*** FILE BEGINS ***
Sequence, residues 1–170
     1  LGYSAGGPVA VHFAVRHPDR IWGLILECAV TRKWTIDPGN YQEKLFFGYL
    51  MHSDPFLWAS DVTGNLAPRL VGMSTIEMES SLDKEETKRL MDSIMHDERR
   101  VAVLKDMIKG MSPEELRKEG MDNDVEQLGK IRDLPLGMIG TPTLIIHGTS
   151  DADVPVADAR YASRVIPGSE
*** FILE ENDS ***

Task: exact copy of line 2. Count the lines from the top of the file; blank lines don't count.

     1  LGYSAGGPVA VHFAVRHPDR IWGLILECAV TRKWTIDPGN YQEKLFFGYL